If I had a dollar for every time someone told me “Good things come to those who wait”, I would be a rich man. It’s a great statement if you’re not the one waiting! As a nature and wildlife photographer, sometimes all you can do is sit there and wait. This brings me to my very first Behind the Lens blog post and how the image above came to life.
After raining for two days, cabin fever set in. I decided to go to my favorite place to photograph ducks, White Rock Lake. When I arrived, I was in shock. There wasn’t a duck to be found, just a couple of American Coots. I was determined to wait and let great things come. After all, I was out of the house, I had my camera, and it was a great day to relax and get some images. With the wind blowing from the south, I decided to set up with a large tree to my right and some tall weeds to my left. When the ducks come in, they’ll be flying right at me and I should be able to get some inflight and landing images. The first thirty minutes went by quickly. Even though I hadn’t seen a single duck, I wasn’t going to give up hope. So, I waited, and waited, and waited. After about three hours, I was getting bored and starting to think that the day was a bust. I decided to give it one more hour. Back to waiting! I was about to call it quits when out of nowhere, a Wood Duck drake flew in from over my right shoulder and landed behind a line of trees. Where did he come from? They never come from that direction. Alright, no biggie, all I need to do is wait for him to come out from behind the trees. So again, I waited. Of course, he was in no hurry to come out into the open. Finally, he began to work his way in my direction. Just a little further and he would be right where I wanted him! He was so close when he stopped, looked around, and turned back towards the trees. NO WAY! I had noticed a small gap between some weeds and the trees. I was going to have to move and I didn’t have much time. I quickly took my camera off the tripod, jumped up, and ran around the tree. I needed to get low! Without even thinking about the wet ground, I laid down and got ready. As he floated slowly into the opening, the most amazing thing happened. A hole opened in the clouds and sunlight lit up the opening just as the elusive drake cruised in. As if on cue, he stopped. I had to look up from my camera and make sure this was happening. This beautiful drake stopped in the only opening I had to photograph him, AND the sun pops out at the same time. Unbelievable. I took a deep breath and pressed the shutter button. As soon as he heard me firing off shots, he quickly moved back behind the trees. As I watched him swim off, it dawned on me. I’m soaking wet and laying in the mud. I stood up and wiped the mud off my elbows, knees, and the bottom of my camera and lens. Somehow, I had managed to get mud all over me. I took a quick glimpse at the images on my viewfinder. I knew I had some keepers.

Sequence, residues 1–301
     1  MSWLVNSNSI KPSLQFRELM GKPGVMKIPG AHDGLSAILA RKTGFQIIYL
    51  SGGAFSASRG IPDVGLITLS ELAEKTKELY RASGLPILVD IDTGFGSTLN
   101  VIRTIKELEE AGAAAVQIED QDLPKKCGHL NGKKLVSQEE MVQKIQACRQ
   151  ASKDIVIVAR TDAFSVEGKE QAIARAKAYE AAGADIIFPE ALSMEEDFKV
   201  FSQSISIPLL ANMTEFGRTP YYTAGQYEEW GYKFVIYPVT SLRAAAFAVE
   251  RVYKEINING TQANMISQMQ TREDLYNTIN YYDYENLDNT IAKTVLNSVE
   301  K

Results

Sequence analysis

After I got home, I pulled the images up on my computer. I still can’t believe the pictures came out as good as they did. The image above, “Wood Duck Reflections”, has become one of my favorites. It’s a continuous reminder that I need to be more patient when I’m out in the field and that sometimes good things DO come to those that wait.
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Until next time, keep the sun behind you and the birds in view